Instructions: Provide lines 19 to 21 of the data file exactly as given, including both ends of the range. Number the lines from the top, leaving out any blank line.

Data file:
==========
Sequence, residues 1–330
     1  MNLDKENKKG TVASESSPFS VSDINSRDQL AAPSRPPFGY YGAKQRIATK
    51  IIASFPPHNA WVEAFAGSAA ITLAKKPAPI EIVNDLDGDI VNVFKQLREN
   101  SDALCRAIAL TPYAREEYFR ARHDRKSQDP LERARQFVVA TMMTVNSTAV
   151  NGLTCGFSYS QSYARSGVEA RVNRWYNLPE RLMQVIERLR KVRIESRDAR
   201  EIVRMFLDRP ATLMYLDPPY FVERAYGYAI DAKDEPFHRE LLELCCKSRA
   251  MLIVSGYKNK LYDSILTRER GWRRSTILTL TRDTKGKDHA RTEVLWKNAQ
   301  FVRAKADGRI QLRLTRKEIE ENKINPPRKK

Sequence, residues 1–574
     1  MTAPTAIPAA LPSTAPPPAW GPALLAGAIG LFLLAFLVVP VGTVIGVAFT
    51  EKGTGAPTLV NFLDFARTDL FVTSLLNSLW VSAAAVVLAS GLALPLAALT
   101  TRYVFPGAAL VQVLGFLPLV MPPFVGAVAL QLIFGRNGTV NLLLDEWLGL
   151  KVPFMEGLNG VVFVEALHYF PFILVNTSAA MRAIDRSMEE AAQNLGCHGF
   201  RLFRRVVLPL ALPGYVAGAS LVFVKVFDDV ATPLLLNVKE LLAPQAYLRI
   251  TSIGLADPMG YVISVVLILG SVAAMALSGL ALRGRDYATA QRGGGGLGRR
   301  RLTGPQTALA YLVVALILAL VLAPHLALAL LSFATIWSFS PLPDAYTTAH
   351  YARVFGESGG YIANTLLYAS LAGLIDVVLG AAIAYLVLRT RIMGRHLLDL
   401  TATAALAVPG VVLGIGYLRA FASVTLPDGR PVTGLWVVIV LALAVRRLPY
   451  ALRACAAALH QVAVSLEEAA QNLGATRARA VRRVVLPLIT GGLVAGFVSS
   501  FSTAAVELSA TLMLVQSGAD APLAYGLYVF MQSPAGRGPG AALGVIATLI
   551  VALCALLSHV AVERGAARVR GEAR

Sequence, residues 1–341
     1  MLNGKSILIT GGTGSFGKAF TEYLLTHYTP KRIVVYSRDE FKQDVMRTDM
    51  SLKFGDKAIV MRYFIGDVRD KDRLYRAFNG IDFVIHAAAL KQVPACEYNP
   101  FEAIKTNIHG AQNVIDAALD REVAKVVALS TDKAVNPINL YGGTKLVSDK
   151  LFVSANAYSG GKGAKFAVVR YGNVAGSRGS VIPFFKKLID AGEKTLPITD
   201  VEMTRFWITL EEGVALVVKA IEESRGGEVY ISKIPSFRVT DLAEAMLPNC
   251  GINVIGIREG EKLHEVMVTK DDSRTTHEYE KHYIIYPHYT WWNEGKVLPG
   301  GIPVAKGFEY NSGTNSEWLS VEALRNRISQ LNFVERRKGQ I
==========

   451  ALRACAAALH QVAVSLEEAA QNLGATRARA VRRVVLPLIT GGLVAGFVSS
   501  FSTAAVELSA TLMLVQSGAD APLAYGLYVF MQSPAGRGPG AALGVIATLI
   551  VALCALLSHV AVERGAARVR GEAR